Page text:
A viral post that’s been going around for the past four years says that “this girl killed herself, after her dad posted this to her wall,” but it’s not real and could be used to spread malware or scam users. Another one is titled, “Girl Killed Herself live On Cam Just after Dad Seen Her While Doing This,” which also is fake.
According to security firm Sophos, the post was first posted in 2010, but it has continously been re-uploaded with different headlines and accompanying images. The posts also promise a video, but there isn’t one.
“Girl Killed herself live On Cam Just After Dad Seen Her While Doing This on cam!” one of the scams reads, which includes a scantily-clad woman. “She was Feeling so much Shame and Could Not see in her dad eyes”
“The scams use a variety of techniques and variations of the disguises to maximize their chances of tricking people into taking surveys or handing over personal information,” reads a post from Sophos.
Some of the hoax postings claim the girl killed herself on Christmas Eve or other holidays.
The posts usually ask Facebook users to share a bogus website that looks like Facebook after they click on it. After the post is shared, they will be directed to a survey that is designed only to collect personal information.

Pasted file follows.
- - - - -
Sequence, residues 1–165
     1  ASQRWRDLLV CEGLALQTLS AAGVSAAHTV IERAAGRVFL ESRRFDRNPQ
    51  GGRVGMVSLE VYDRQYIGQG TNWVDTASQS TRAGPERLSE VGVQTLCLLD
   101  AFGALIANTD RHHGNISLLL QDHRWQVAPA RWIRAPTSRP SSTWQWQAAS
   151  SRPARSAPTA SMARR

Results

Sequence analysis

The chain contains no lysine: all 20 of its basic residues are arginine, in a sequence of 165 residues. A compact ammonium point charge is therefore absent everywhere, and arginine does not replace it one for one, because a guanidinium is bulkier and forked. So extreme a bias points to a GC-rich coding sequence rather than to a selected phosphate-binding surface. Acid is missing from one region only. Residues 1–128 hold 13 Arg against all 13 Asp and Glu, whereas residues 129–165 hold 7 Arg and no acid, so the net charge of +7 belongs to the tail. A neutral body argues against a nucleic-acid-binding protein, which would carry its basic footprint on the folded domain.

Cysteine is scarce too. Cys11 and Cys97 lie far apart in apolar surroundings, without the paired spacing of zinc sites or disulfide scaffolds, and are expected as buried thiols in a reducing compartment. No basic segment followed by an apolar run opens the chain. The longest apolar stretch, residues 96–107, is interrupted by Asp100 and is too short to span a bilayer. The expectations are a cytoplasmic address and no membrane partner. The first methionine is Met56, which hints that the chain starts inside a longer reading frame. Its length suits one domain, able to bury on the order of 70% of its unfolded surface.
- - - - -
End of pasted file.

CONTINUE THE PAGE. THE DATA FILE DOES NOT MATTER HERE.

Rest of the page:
It is not recommended to click on the post, download anything from it, share it, or fill out the surveys.
Regarding rogue Facebook apps, you can delete them in your Facebook account settings, which will list all the applications that you have given access to your account.
Go down and click the “X” on the right of the rogue app in question. Malicious apps can have popular names like “YouTube,” “CNN,” and “Fox News.”
There’s been a number of viral Facebook scams in recent months, including one that claimed singer Rihanna was killed, one about a shark eating a man in the ocean, and one claiming to have a video of the world’s largest snake in Brazil.